When I began my DukeEngage program, I had high expectations for my nonprofit community partner, Friends of Madagascar. I knew all about their philosophies—how education breaks the cycle of poverty and leads to environmental stewardship, and the importance of solution-oriented action. But when I actually laid eyes on the work this nonprofit has done, I was blown away. Friends of Madagascar has built or refurbished 38 schools in biodiversity areas throughout Madagascar. These schools employ local construction workers, administrators, and teachers, and they serve children who would not otherwise have the opportunity to gain an education. In addition to building schools, Friends of Madagascar is committed to recognizing and overcoming barriers to education. Their schools have lunch programs that take pressure off of parents by ensuring the children receive a nutritious midday meal. Some schools also have small farms where students and employees experiment with sustainable farming practices, and they emphasize health lessons and sports programs that teach the kids how to improve their own lives.
I had to actually go to Madagascar and lay eyes on the schools before I realized the extent of the incredible work being done. As I walked into classrooms of enthusiastic schoolchildren, I thought, “Why isn’t all of this hard work publicized?”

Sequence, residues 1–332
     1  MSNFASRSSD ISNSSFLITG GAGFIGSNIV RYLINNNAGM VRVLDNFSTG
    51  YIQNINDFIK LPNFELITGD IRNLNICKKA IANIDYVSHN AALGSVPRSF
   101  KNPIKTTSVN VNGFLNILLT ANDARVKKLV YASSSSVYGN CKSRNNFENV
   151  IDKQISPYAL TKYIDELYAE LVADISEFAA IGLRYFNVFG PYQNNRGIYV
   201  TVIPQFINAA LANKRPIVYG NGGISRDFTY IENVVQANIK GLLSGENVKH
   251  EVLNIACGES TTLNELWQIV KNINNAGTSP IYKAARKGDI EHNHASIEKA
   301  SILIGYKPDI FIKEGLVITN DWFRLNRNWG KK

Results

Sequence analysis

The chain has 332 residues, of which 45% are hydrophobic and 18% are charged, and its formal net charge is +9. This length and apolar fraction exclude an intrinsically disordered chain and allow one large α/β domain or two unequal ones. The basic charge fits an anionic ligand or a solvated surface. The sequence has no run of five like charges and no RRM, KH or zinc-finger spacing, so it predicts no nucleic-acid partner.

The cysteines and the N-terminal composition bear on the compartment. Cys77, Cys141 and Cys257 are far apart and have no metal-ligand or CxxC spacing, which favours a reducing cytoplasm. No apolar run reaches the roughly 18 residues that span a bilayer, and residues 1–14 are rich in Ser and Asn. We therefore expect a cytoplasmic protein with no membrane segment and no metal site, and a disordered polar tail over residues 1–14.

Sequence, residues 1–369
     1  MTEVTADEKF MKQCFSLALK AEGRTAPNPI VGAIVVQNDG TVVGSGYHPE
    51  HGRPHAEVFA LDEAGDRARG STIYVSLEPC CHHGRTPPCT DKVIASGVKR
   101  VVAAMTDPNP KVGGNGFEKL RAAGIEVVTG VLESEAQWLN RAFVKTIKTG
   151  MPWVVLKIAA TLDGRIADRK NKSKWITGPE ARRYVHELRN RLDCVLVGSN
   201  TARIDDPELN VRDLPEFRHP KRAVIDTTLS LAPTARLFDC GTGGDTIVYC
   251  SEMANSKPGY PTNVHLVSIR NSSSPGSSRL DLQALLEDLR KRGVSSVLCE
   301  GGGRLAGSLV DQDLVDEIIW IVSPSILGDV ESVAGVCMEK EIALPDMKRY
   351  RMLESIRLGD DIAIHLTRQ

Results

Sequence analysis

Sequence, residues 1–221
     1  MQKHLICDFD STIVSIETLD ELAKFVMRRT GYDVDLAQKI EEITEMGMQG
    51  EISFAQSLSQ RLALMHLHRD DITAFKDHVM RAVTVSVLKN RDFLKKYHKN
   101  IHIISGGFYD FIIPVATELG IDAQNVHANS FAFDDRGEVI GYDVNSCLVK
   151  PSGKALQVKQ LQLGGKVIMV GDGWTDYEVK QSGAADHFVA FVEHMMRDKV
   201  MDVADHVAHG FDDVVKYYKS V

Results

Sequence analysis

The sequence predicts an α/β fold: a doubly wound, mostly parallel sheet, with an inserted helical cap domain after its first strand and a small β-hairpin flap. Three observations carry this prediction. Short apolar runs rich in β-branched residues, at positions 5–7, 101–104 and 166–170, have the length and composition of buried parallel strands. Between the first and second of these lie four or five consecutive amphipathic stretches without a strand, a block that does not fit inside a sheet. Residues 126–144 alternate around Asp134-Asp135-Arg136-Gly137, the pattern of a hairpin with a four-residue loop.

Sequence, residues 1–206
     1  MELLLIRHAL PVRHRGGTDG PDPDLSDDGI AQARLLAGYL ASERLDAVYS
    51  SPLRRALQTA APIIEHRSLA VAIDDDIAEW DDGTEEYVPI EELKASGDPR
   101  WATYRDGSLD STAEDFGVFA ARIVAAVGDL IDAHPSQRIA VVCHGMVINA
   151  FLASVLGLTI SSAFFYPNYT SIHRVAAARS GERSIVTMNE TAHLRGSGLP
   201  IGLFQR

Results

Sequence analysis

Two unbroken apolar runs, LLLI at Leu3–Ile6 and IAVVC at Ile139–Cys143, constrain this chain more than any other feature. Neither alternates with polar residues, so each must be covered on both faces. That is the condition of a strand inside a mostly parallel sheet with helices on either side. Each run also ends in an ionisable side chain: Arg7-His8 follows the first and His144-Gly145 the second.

When I first knew I wanted to work with Friends of Madagascar, my knowledge of the nonprofit was based off of information from Dr. Luke Dollar, an American researcher who has been working with them since their beginnings. The nonprofit’s online presence is basically nonexistent—no website, an unmaintained Facebook page, and a single YouTube video from 2009. Although I trusted that Friends of Madagascar was legitimate, a small part of me remained wary, and I wasn’t the only one. Even the DukeEngage staff expressed some concern over the scarcity of online information. I had to actually go to Madagascar and lay eyes on the schools before I realized the extent of the incredible work being done. As I walked into classrooms of enthusiastic schoolchildren, I thought, “Why isn’t all of this hard work publicized?”
Pierrot, the Malagasy coordinator of the nonprofit, answered my question, explaining that most of the Malagasy nonprofit workers do not have cameras or social media, or the time and experience to work on online publicity. The lack of publicity can be an issue, especially since the nonprofit relies on foreign donors who want to see the impact of their contributions. This issue isn’t unique to Madagascar—it affects nonprofits in developing countries everywhere.
When I arrived in Madagascar, I wasn’t quite sure how I would help out with the schools, especially considering the language barrier and my lack of teaching experience. I did, however, have my camera, and modest experience in making videos. I decided to use my resources and skills to make a video that would allow the voices of the hardworking Malagasy people to be heard by people across the world. With Pierrot’s help, I interviewed teachers, administrators, and employees, and I am now in the process of editing and organizing the footage. I’m excited for the opportunity to fulfill a need and give Friends of Madagascar more of the publicity it deserves. I feel as if my eyes have been opened to some of the unique challenges that nonprofits in developing countries face.